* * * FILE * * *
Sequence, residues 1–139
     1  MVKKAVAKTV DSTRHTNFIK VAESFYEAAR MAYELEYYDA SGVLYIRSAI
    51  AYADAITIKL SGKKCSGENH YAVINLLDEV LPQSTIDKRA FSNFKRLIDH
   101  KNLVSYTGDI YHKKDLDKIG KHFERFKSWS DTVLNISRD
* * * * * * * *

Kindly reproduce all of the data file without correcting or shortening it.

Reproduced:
Sequence, residues 1–139
     1  MVKKAVAKTV DSTRHTNFIK VAESFYEAAR MAYELEYYDA SGVLYIRSAI
    51  AYADAITIKL SGKKCSGENH YAVINLLDEV LPQSTIDKRA FSNFKRLIDH
   101  KNLVSYTGDI YHKKDLDKIG KHFERFKSWS DTVLNISRD